I do wonder why, after all of the hard work in searching for Dee Dee, did Crump settle for just a phone interview?  That defies reason to me.  I would think that they would do a face-to-face since she is the last person to have talked to Trayvon Martin.

Quote
BDLR: OK, OK. Alright. Now you previously, you were called by Mr. Crump, Mr. Benjamin
Crump that was here earlier,
and some attorneys called you up, right?
Dee Dee: Yeah.
BDLR: You remember talking to them on the phone?
Dee Dee: Yes.
BDLR: And did you attempt as best you could to tell them the truth too…about what happened?
Do you remember talking to them at all?
Dee Dee: Yeah.

Why I think she was coached if further up in the interview.  BdlR  wanted her to say that TM was being chased.
Quote
BDLR: On the phone. Did Trayvon ever expand on that? Did he ever say something else about
that , now he’s out like that…like, uh…whether the guy had gotten out of the car? Did he ever
describe, “Yeah, the guy, now he’s out of the car, he’s chasing me.” I know you said the guy, he
said the guy was following him. But did he ever say the guy got out of the car?
Dee Dee: You want that too?

He was anticipating the excited utterance, IMO, but didn't really seem to get that far since she didn't really expand the excited part for him, IMO:
Quote
BDLR: So, was Trayvon at that time…you could tell he was like, out of breath, like excited…
Dee Dee: Yeah. . .
BDLR: …like, like…
Dee Dee: Yeah.
BDLR: OK.


Offline annoyedbeyond

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Re: Witness #8 (DeeDee)
« Reply #280 on: August 20, 2012, 08:50:37 AM »
If it's show she was coached I can't imagine any of her testimony or statements being given credibility by anyone. Also, if it was coaching from the State I think the s**t is going to hit the fan.

Coaching from Crump during the time he had her before he made her available. Didn't aspects of her story change a little as new information came out? I think I remember that but who knows for sure anymore.


Offline turbo6

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Re: Witness #8 (DeeDee)
« Reply #281 on: August 20, 2012, 10:14:19 PM »
BDLR was definitely interested in an admittance of perhaps a confrontation prior to the 911 call, verbal or otherwise. He wasn't really pressing on minor stuff, but any indication of aggressiveness from GZ.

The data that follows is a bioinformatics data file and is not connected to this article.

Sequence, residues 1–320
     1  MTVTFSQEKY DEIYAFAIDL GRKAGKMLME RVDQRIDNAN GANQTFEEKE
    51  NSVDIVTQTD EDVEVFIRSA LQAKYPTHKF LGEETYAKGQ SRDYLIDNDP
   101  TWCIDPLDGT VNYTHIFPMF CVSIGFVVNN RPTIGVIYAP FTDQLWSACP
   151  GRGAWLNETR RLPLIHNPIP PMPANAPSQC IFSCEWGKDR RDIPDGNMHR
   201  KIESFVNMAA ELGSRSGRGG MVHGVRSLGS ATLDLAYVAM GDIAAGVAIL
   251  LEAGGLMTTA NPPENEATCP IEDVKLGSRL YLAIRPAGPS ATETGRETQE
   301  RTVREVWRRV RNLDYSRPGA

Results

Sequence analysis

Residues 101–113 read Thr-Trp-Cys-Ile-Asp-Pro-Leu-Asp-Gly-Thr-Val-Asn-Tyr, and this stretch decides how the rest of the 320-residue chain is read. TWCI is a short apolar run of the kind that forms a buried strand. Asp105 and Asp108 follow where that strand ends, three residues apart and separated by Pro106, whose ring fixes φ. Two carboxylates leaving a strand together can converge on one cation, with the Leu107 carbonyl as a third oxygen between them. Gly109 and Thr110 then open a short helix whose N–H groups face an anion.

The part of her interview I found most compelling was when BDLR asked if Trayvon ever mentioned GZ was coming at him like he was going to hit him. DeeDee replies "Yeah, you could say that". It seems like she is about to elaborate more but then simply chalks it up to GZ being all crazy and stuff.

I think she later realized that perhaps saying that was implying Trayvon was prepping for a fight. BDLR seems to want to wrap up the interview and then she decides to express guilt and state he wasn't a "fighter".

Of course this brings us all back to square one, wondering how TM ended up away from his dad's house, tired and out of breath and still in close proximity to the T.


Offline TalkLeft

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Re: Witness #8 (DeeDee)
« Reply #282 on: August 20, 2012, 11:19:24 PM »
I now discover to my surprise that the "excited state" requirement for spontaneous statements was overturned in Deparvine v. State, 995 So. 2d 351 (Fla. 2008):

Thanks for letting us know. I deleted your earlier comment with pre-Deparvine rulings. Hope that's ok.

Offline DebFrmHell

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Re: Witness #8 (DeeDee)
« Reply #283 on: August 20, 2012, 11:52:37 PM »
Thanks for letting us know. I deleted your earlier comment with pre-Deparvine rulings. Hope that's ok.

So inquiring minds want to know what Bernie de la Rionda was fishing for when questioning Dee Dee and trying to get her to admit that TM  was excited?  How does that play out with the things she says he said...?  Is all of it admissible then?

Offline nomatter_nevermind

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Re: Witness #8 (DeeDee)
« Reply #284 on: August 21, 2012, 05:13:54 AM »
So inquiring minds want to know what Bernie de la Rionda was fishing for when questioning Dee Dee and trying to get her to admit that TM  was excited?   

He probably wants Excited Utterance in reserve, in case the judge does rule against Spontaneous Statement.

Quote
Is all of it admissible then?

On the hearsay, too early to say, and probably will be until the judge actually rules on it.

When O'Mara deposes Dee Dee, he may get something that will convince the judge that Spontaneous Statement doesn't apply.

I expect some of Dee Dee's opinions to be excluded. I mean like the headset falling, or Martin getting bumped as opposed to doing the bumping. She'll probably be restricted to describing the sounds she heard, leaving the jury, or the judge in an immunity hearing, to draw conclusions. See Fla. Stat. § 90.701.

I'm looking forward to hearing Dee Dee describe what grass sounds like.